Meteorological Analysis of the Forcett-Dunalley Wildfire in 2013 in Tasmania, Australia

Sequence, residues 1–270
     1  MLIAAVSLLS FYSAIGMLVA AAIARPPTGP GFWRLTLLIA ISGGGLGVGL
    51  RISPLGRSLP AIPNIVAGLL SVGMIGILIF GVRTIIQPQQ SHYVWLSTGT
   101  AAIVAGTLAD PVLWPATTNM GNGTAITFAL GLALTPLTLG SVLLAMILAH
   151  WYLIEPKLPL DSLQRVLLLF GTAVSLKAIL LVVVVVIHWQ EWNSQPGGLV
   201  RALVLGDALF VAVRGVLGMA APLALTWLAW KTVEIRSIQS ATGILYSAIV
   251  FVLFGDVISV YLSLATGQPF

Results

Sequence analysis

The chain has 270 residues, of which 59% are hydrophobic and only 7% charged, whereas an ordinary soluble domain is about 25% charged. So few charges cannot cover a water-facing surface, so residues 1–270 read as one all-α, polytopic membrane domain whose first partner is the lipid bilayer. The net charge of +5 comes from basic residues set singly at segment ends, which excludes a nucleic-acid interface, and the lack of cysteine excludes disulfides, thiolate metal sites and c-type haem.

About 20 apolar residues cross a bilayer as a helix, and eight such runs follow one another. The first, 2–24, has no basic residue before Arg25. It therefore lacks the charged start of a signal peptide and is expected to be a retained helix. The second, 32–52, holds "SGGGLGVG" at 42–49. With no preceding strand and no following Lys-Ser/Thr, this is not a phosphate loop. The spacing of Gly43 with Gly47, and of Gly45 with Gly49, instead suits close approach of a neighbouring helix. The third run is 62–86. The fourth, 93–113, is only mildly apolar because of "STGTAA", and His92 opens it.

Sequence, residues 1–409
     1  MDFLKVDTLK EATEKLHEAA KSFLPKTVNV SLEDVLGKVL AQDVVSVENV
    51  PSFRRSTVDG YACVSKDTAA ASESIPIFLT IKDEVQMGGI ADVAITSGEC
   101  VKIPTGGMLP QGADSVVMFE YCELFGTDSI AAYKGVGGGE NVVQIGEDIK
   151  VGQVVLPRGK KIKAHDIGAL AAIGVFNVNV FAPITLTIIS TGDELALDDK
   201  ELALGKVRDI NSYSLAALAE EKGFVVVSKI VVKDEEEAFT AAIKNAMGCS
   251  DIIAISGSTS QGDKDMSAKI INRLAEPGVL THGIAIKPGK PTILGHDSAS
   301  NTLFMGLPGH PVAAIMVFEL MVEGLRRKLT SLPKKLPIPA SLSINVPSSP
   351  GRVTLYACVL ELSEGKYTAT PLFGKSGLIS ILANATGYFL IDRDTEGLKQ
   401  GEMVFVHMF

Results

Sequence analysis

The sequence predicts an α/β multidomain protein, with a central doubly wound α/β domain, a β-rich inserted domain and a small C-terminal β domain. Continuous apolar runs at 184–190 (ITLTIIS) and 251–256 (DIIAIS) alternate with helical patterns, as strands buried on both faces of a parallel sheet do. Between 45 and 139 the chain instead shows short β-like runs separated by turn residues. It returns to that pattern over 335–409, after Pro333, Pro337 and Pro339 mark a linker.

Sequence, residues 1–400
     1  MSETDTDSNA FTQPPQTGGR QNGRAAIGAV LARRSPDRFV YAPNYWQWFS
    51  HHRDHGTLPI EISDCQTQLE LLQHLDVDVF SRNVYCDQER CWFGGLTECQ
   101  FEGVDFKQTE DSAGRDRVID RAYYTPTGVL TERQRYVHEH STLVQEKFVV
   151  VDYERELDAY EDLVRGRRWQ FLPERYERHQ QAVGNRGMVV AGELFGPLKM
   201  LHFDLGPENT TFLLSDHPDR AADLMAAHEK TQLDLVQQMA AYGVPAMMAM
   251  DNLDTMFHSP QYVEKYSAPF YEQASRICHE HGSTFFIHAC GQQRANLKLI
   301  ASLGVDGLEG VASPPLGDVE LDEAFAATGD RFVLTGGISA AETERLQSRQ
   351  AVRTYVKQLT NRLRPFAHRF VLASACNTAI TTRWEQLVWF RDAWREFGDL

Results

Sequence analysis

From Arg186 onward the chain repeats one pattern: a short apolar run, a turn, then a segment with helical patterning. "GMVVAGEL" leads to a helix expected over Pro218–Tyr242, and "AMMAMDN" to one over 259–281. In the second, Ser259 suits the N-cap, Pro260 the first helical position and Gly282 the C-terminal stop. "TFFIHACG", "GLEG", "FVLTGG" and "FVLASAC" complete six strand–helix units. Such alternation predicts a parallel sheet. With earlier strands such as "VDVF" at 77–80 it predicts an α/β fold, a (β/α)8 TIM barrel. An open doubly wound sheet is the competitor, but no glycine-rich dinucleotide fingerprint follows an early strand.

Abstract. A major bushfire occurred during January 2013 near the towns Forcett and Dunalley in southeast Tasmania, Australia. Several records were broken by this wildfire, in terms of impacts to eco-systems, infrastructure and lives, as well as the first documented fire storm development in Tasmania in the form of pyrocumulonimbus. The Australian Bureau of Meteorology high-resolution regional reanalysis for Tasmania (BARRA-TA), with 1.5-km spatial resolution, together with in-situ observations, was applied to reconstruct the wildfire event. The antecedent climatic conditions in Tasmania included large increase in fuel load due to abundant rain one to two years before the event, followed by a heatwave during the summer of 2012/13. In the three periods we identified during the event reconstruction, the second period was the most dramatic, in which a low-level jet was directed downslope in southeast Tasmania to accelerate the fire spread. Moreover, spotting of over 3 km was observed, and pyrocumulonimbus developed in this period with lightning up to 13 km from the fire. A cold front crossed the fireground during the third period, and thus played a different role compared with some past extreme fire events in terms of lifting and wind direction change. Our analyses conclude that climatic conditions, synoptic patterns and mesoscale convective environment all contributed to this wildfire event.
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